Georgia town with no practicing physician gets help from ex-President Jimmy Carter

Plains, Ga. — a small town with almost 700 residents and no practicing physician — will see a new healthcare facility in its area thanks in part to former President Jimmy Carter, according to The Telegraph.

Mr. Carter's advocacy reportedly led the Macon, Ga.-based Mercer University School of Medicine to open a primary care clinic in the area in July, Jean R. Sumner, MD, dean of the medical school, told the publication.

Dr. Sumner said Mr. Carter called the university's president and discussed the need for better healthcare in Plains and "opened the door" for the clinic.

The goal of the new healthcare facility is about "developing and refining a model that will work in rural communities," Dr. Sumner said, adding that the clinic will feature a physician and a nurse practitioner, and will help train Mercer medical students.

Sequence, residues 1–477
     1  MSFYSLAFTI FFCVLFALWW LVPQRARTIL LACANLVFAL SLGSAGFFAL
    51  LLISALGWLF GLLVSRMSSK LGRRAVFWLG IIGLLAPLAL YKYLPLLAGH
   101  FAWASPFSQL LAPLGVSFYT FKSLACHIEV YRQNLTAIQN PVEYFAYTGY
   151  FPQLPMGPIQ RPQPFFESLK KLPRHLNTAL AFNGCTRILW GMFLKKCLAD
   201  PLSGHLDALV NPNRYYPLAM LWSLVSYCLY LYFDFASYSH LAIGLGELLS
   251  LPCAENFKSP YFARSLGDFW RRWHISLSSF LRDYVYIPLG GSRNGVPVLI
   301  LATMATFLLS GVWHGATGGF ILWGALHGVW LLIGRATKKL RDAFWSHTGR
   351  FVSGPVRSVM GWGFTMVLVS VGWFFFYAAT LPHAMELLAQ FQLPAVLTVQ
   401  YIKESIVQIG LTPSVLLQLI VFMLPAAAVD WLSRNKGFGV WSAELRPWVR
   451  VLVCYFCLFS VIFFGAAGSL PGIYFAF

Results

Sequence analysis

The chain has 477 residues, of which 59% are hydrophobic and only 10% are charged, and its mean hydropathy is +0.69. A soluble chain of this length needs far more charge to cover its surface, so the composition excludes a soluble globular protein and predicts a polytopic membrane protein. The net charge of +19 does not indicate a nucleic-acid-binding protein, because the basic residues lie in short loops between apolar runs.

The clinic — the medical school's first rural primary care clinic, according to the report — will also provide telemedicine services via the nonprofit organization Global Partnership for Telehealth.

Rural healthcare has faced formidable challenges in recent years, particularly in Georgia. At least six rural hospitals across the state have closed since 2013, though two of them reopened as downsized facilities. Six of the state's 159 counties have no physician, 63 counties have no pediatrician, 66 counties have no general surgeon and 79 counties lack an OB-GYN provider, the report states.

To access the full report, click here.

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